Autism and the gut

It is estimated that one in 100 people have an autism spectrum disorder (ASD). The word “spectrum” is used because there is a range of difficulties that people with ASD may experience and there is a variety of degrees to which they may be affected. Essentially ASD is life-long and affects the way an individual relates to his or her environment and their interaction with other people. A new study has reinforced the growing conviction that in children with and ASD there is a strong link to the health of the gut.

The new study from Arizona State University involved analysis of foecal samples taken from children with ASD and comparing them to samples taken from children without ASD.

Since this analysis was able to determine bacteria species present in the gut it was firstly revealed that kids with ASD have a different, and less diverse, bacterial flora than kids without ASD.

The researchers also examined 50 different compounds in the samples. These compounds were bacterial metabolites, meaning they are products of bacterial action. It was found that children with ASD had significantly different concentrations of seven of these compounds and a majority of them could play a role in the brain.

For example, children with ASD had lower levels of the metabolites homovanillate and N,N-dimethylglycine. Homovanillate is a breakdown product of dopamine, an important neurotransmitter, and N,N-dimethylglycine is a building block for neurotransmitters that has been used to treat both ASD and epilepsy.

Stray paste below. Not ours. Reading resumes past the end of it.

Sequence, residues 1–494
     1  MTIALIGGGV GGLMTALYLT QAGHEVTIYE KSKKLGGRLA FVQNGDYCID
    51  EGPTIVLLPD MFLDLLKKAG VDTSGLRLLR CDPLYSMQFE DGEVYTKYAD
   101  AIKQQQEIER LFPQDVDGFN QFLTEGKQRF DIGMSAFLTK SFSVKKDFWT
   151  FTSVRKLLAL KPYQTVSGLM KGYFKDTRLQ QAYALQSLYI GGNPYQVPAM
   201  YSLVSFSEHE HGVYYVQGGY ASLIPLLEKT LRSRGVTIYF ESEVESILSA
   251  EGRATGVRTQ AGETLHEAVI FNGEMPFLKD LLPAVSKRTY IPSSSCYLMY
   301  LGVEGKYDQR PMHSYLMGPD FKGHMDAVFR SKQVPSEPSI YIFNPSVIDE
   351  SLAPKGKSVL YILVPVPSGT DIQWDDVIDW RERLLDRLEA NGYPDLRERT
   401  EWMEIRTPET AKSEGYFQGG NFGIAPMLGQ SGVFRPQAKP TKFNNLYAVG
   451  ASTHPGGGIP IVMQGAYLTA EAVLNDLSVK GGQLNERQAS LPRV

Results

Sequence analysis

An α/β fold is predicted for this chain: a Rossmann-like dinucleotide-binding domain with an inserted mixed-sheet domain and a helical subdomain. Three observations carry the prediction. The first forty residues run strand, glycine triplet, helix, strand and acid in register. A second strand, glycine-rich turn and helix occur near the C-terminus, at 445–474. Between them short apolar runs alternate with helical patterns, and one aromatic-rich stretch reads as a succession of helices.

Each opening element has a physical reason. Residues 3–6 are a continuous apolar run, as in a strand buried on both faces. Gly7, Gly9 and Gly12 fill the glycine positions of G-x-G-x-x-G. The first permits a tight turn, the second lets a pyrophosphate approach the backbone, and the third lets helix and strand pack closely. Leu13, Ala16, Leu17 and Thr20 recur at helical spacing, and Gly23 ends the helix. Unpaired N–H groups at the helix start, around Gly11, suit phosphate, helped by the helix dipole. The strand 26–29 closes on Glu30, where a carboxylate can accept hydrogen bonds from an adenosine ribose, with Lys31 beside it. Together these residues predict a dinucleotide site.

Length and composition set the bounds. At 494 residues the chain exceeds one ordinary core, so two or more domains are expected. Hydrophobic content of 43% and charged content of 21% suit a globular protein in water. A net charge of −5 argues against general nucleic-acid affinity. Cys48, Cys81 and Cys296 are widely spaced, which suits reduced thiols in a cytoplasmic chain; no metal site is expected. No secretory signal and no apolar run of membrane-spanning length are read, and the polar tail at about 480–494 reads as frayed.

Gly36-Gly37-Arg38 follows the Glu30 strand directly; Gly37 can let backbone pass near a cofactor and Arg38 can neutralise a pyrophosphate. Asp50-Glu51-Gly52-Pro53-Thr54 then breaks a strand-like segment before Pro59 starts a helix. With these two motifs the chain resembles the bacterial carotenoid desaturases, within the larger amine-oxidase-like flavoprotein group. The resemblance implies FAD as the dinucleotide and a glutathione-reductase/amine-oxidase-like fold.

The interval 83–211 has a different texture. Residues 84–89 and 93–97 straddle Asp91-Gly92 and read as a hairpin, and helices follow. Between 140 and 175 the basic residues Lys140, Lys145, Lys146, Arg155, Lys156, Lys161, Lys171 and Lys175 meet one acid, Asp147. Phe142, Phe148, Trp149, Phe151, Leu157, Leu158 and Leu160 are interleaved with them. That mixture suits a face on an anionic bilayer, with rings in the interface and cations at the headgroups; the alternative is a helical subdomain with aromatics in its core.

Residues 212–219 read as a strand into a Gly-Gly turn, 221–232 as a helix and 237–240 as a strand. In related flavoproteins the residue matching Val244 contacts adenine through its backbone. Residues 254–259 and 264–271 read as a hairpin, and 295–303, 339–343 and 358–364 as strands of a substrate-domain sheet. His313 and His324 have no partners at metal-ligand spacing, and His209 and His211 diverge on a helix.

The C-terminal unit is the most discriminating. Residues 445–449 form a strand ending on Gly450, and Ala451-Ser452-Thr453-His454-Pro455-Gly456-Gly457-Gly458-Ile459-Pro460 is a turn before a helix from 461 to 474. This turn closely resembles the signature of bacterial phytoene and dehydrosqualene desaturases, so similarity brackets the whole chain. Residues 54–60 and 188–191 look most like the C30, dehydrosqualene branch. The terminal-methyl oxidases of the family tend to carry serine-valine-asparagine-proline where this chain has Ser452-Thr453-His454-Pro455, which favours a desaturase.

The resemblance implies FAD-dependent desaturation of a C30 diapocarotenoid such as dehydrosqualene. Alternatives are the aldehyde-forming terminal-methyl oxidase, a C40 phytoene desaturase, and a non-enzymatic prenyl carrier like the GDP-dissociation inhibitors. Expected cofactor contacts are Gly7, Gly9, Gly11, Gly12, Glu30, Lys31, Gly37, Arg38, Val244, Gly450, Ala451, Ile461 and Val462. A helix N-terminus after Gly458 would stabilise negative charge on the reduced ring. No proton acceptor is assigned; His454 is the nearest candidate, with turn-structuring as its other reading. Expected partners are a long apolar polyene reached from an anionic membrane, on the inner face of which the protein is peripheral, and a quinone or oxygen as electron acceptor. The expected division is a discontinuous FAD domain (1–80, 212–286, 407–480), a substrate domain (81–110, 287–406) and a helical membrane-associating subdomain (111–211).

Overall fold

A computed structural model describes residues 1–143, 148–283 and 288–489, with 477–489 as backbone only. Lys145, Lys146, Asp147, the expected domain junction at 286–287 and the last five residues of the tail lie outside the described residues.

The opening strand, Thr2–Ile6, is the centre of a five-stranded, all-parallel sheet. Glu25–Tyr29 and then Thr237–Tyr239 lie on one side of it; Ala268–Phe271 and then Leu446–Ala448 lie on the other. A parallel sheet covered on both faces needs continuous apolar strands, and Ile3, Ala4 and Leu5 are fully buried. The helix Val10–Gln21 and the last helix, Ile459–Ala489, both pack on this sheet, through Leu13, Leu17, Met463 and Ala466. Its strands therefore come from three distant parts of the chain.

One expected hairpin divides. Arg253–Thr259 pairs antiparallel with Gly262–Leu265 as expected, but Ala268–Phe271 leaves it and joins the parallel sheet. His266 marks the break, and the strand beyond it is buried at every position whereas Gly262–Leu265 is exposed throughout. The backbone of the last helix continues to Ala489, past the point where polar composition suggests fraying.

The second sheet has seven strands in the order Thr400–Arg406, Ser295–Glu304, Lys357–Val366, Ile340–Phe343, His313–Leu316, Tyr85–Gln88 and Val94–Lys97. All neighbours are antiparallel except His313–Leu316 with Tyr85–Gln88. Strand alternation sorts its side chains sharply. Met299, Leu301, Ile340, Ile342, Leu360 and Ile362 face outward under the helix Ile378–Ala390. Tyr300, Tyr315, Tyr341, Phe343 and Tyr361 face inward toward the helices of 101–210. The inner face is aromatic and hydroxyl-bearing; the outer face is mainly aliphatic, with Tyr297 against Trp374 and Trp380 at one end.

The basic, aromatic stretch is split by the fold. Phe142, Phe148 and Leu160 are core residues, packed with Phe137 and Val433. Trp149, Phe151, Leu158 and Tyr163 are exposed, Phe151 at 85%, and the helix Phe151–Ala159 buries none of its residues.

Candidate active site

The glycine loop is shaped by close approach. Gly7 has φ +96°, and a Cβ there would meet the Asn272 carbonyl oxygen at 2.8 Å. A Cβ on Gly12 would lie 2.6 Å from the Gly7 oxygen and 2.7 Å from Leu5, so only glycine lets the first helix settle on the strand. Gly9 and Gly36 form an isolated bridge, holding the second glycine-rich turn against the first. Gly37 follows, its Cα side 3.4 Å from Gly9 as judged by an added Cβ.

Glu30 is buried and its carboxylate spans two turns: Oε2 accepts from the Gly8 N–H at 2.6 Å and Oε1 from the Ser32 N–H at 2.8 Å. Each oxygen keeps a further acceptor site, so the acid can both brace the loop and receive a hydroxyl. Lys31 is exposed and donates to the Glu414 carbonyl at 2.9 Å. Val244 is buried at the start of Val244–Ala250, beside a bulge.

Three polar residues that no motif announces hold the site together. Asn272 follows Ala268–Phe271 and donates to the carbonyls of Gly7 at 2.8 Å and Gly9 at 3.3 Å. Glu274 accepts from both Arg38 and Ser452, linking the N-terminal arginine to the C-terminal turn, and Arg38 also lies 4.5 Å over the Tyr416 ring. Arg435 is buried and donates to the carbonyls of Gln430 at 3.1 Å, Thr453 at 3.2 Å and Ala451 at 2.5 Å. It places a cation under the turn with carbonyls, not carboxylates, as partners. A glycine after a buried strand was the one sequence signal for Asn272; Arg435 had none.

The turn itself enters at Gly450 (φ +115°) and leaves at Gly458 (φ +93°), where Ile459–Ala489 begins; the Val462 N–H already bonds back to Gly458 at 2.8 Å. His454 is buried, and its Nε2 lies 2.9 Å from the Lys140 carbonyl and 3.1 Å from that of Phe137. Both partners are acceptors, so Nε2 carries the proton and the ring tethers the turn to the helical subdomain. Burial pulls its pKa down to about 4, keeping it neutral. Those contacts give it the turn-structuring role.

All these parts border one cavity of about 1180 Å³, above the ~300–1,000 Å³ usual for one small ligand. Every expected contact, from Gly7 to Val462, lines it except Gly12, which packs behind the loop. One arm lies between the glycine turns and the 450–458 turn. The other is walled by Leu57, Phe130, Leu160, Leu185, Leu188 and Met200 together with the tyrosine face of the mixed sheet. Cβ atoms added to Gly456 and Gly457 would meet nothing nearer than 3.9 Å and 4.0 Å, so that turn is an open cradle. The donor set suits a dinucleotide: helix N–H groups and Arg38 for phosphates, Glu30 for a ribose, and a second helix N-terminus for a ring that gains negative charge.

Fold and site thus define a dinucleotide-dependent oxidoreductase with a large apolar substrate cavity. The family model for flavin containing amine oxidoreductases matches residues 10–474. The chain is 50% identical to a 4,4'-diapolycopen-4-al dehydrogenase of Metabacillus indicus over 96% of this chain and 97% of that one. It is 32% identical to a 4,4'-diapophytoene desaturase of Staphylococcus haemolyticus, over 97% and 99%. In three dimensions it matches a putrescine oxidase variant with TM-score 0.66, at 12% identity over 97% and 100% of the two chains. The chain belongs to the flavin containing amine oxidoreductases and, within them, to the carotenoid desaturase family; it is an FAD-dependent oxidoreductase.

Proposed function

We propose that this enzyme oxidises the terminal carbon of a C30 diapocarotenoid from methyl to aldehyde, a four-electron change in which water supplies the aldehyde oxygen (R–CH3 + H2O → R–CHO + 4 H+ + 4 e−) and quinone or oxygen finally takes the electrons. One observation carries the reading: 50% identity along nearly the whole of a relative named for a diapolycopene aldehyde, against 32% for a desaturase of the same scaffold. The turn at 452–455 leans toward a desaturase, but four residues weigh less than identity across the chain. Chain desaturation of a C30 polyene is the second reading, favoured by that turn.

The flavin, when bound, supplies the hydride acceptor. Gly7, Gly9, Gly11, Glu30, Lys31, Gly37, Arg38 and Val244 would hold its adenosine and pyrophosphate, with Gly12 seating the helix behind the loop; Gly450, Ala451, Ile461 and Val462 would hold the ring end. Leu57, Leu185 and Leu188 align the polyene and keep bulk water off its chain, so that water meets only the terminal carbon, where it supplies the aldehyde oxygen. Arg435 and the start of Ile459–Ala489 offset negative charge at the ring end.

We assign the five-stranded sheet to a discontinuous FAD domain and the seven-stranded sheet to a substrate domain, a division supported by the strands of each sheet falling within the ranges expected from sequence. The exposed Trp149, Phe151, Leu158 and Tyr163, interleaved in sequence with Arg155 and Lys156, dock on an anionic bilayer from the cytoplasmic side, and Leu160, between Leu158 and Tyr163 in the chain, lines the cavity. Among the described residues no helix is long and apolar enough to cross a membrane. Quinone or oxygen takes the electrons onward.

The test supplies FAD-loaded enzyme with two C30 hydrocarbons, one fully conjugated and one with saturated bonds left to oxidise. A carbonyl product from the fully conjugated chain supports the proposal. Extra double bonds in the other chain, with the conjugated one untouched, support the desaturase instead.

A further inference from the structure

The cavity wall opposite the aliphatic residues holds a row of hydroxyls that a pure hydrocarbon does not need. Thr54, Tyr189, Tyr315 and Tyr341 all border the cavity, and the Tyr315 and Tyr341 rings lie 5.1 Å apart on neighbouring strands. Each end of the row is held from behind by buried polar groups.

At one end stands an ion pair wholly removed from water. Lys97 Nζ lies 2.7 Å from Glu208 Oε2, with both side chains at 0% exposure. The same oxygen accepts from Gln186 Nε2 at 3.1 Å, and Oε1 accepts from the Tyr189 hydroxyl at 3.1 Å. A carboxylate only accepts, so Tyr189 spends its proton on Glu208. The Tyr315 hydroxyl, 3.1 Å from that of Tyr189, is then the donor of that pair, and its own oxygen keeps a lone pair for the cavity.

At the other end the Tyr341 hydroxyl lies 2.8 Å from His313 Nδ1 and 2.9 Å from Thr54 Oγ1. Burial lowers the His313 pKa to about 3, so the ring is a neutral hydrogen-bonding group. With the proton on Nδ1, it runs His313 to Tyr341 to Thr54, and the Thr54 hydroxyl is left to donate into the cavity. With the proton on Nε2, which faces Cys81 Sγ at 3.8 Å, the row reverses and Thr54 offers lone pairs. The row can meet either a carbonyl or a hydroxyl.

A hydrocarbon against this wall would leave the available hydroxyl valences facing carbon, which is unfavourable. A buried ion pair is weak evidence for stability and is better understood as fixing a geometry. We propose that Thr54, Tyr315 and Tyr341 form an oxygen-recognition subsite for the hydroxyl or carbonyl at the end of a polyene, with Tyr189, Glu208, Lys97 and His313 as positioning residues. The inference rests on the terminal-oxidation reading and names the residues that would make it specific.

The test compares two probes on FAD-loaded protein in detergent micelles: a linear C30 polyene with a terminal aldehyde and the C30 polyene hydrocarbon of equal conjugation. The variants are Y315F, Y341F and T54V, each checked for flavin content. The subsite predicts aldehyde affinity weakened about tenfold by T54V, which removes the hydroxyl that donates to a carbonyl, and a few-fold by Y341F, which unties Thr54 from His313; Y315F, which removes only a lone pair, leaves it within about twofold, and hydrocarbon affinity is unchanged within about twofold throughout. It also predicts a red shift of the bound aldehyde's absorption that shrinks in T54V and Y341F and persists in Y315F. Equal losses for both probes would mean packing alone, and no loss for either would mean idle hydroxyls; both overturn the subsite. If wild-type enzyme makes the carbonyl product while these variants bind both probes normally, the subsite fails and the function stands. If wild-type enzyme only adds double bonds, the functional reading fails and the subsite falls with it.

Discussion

In children with ASD it was also found that the glutamine to glutamate ratio was significantly higher than in other children. Both glutamine and glutamate are metabolised to gamma-aminobutyric acid (GABA) an inhibitory neurotransmitter. An imbalance in GABA and glutamate levels has been linked to hyper-excitation in ASD.

The researchers say that this suggests that altered gut bacteria and a consequent impact of bacterial metabolites on brain chemistry in the form of neurotransmitters plays a role in ASD. The researchers say there is evidence of a “cross-talk” between gut bacteria and ASD which offers potential treatment options in the future.

Terry Robson

Terry Robson

Terry Robson is the Editor-in-Chief of WellBeing and the Editor of EatWell.

You May Also Like

Toddler To Teenager And Giving Them Room To Grow

Toddler to teenager and giving them room to grow

Baby And You Preparing For Great Health For You Both

Baby and you! Preparing for great health for you both

Wellbeing & Eatwell Cover Image 1001x667 2023 08 16t100954.155

Discover The Role of Play in Parent-Child Relationships

Wellbeing & Eatwell Cover Image 1001x667 2023 06 14t113459.830

7 ways to talk about sex